How to Increase Bone Density Naturally
Fracture rates are highest in countries that consume the most dairy and calcium. Countries that consume little or no milk, dairy or calcium supplements have 50% to 70% lower fracture rates.
The World Health Organization coined the term the calcium paradox because the places where they’re told to ‘drink milk for strong bones’ are the places we’re seeing much higher rates of osteoporosis!–Amy Lanou, PhD, University NC-Asheville
Dr. Amy Lanou, PhD
In November 2014, T. Colin Campbell Center for Nutrition Studies interviewed Amy Lanou, Ph.D., Senior Nutrition Scientist for Physicians Committee for Responsible Medicine about The 4 Keys to Strong Bones.
When Dr. Lanou was asked if she disagreed with the current recommendations for bone health then what would she recommend, she answered:
- ONE Choose a diet very rich in plant foods and extremely limited or completely absent of animal food. This helps produce overall good health.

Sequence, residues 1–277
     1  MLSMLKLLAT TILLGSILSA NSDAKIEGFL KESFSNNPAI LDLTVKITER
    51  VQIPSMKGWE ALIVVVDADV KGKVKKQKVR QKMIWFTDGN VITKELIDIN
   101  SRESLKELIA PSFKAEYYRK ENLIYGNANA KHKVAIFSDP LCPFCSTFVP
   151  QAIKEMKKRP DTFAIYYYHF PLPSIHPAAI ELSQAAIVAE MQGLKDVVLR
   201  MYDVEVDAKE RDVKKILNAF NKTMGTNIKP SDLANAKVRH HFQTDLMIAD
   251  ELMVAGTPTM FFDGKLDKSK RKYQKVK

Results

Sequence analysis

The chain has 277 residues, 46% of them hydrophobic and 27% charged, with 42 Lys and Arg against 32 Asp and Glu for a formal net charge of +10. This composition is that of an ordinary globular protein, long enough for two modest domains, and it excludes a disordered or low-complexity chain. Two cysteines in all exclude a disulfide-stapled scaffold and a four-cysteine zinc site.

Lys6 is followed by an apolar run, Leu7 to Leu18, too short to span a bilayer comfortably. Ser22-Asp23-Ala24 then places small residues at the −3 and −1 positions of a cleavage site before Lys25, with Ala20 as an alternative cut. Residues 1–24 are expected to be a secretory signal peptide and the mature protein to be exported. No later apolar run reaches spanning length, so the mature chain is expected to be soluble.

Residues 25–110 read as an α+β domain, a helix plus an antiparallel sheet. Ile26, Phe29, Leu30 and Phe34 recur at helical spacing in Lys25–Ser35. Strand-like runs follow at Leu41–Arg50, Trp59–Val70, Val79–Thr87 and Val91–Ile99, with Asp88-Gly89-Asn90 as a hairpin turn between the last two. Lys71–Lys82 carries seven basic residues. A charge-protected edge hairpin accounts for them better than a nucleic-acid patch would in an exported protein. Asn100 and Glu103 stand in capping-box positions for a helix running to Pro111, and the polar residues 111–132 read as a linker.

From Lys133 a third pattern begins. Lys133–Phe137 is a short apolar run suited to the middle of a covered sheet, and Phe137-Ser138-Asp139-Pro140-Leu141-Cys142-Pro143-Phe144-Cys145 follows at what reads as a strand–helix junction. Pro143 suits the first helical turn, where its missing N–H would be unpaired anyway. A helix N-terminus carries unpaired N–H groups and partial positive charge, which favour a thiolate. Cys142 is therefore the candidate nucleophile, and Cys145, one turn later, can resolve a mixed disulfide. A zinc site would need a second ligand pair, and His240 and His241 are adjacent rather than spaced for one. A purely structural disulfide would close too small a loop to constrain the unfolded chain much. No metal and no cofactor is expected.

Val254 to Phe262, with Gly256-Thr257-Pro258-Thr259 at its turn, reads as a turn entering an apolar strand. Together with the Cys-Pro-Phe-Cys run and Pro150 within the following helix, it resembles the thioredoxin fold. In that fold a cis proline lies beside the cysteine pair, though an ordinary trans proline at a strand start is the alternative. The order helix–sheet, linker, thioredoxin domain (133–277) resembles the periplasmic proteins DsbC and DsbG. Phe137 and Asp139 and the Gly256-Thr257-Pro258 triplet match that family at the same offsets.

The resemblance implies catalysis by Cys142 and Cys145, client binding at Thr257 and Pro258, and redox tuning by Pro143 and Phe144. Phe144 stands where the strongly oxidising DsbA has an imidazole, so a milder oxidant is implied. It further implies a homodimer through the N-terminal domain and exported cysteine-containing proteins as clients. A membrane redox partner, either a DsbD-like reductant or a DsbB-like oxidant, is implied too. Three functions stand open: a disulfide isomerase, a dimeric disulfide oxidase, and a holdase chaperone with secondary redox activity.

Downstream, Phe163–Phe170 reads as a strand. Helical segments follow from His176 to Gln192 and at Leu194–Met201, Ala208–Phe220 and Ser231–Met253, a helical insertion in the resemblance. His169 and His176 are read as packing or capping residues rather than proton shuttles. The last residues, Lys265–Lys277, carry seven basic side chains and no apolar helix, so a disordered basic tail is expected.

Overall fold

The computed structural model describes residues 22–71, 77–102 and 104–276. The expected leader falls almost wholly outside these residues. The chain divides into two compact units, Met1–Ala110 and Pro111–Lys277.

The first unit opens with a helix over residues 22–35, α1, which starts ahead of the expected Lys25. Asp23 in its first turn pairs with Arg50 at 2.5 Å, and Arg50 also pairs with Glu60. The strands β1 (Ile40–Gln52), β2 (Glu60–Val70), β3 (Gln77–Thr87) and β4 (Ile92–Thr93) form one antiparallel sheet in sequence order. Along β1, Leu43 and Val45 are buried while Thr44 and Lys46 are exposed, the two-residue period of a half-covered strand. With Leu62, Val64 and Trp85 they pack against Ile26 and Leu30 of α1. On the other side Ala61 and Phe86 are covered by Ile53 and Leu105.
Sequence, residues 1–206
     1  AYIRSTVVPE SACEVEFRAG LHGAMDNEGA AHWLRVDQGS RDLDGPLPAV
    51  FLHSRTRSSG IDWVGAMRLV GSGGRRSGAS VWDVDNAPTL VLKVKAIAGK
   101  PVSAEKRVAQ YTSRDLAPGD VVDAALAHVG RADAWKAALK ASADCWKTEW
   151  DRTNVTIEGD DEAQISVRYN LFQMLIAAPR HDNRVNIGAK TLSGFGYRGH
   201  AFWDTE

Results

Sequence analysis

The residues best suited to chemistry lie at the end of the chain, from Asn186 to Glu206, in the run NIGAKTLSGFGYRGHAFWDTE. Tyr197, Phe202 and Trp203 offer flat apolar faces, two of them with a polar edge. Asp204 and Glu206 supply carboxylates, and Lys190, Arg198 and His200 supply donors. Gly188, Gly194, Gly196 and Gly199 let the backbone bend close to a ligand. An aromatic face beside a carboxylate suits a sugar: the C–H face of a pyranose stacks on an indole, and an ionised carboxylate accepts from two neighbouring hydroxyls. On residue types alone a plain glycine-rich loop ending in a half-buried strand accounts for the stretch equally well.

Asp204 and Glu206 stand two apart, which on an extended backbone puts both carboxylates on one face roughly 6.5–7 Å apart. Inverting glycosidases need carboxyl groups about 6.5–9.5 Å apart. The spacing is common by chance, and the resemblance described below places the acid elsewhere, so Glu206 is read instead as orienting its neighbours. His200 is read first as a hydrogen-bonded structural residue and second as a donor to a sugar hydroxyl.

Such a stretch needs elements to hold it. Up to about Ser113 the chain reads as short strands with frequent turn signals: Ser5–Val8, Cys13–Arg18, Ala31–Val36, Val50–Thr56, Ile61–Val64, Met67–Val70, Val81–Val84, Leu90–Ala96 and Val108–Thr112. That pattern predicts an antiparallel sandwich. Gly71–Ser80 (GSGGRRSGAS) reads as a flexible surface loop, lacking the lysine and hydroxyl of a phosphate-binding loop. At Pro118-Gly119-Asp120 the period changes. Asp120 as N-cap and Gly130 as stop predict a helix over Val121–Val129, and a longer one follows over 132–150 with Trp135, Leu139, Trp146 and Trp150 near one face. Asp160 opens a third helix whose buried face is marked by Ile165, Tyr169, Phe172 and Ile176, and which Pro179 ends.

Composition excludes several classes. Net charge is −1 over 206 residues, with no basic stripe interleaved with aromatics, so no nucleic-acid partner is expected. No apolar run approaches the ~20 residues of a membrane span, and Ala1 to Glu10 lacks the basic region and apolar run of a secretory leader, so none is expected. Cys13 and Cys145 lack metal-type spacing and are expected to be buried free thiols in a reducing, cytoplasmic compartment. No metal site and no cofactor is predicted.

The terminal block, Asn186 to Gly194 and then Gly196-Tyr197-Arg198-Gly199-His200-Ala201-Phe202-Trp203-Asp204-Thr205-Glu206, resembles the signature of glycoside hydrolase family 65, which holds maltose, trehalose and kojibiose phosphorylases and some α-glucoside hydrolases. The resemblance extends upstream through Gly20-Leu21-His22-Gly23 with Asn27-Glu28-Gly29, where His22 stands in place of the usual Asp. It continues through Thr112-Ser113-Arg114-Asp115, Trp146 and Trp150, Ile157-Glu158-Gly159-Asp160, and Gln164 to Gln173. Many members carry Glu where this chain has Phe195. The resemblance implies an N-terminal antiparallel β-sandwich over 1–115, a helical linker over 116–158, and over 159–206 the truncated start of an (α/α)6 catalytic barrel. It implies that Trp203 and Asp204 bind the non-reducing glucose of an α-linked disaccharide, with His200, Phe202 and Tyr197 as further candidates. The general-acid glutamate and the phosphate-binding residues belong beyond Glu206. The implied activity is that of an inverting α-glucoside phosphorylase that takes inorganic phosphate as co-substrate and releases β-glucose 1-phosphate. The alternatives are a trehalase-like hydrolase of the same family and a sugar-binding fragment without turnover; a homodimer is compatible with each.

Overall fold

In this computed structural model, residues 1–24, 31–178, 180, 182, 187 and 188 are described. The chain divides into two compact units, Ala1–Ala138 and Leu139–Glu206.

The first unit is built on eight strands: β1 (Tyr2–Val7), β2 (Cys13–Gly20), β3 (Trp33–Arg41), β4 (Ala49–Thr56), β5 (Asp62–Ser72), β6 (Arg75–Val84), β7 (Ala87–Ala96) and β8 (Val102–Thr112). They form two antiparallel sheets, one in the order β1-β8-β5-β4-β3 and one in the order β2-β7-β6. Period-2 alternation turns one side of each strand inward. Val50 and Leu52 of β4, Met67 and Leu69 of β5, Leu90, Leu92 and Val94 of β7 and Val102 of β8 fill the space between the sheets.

- TWO Pay attention to getting a good variety of foods from plant sources. There are 17 different nutrients that bones need. We need to take the emphasis off of calcium and focus on a diet that will create an environment in the body in which bones want to make new bone and not un-form or break down. To do that we need a healthy, whole foods, plant-based eating style and we need to move our bodies.
- THREE Exercise. The literature demonstrates it does not have to be high intensity or weight lifting, but it does need to be regular. Walking, dancing, gardening etc are all fantastic activities for bones! Hiking is also great, even better than walking on a treadmill because when you’re on a treadmill you use the same muscles and bones over and over again. If you are walking on a trail you’ll do some side-to-side, climbing, you might be going downhill, you’re going to stress the bones in different directions- in ways that you wouldn’t get on stationary equipment. I also recommend that people use their arms! Knead bread, garden, or do yoga!
- FOUR Know your vitamin D status. If it’s not adequate, work with your health-care provider to get it back to adequacy.
SUMMARY Eat a plant-based diet then go outside and play!
Check out the interview with Amy Lanou, Ph.D., by T. Colin Campbell Center for Nutrition Studies and learn about her latest research and what the current strategy for treatment and prevention of bone health typically include.
The whole interview can be found HERE.
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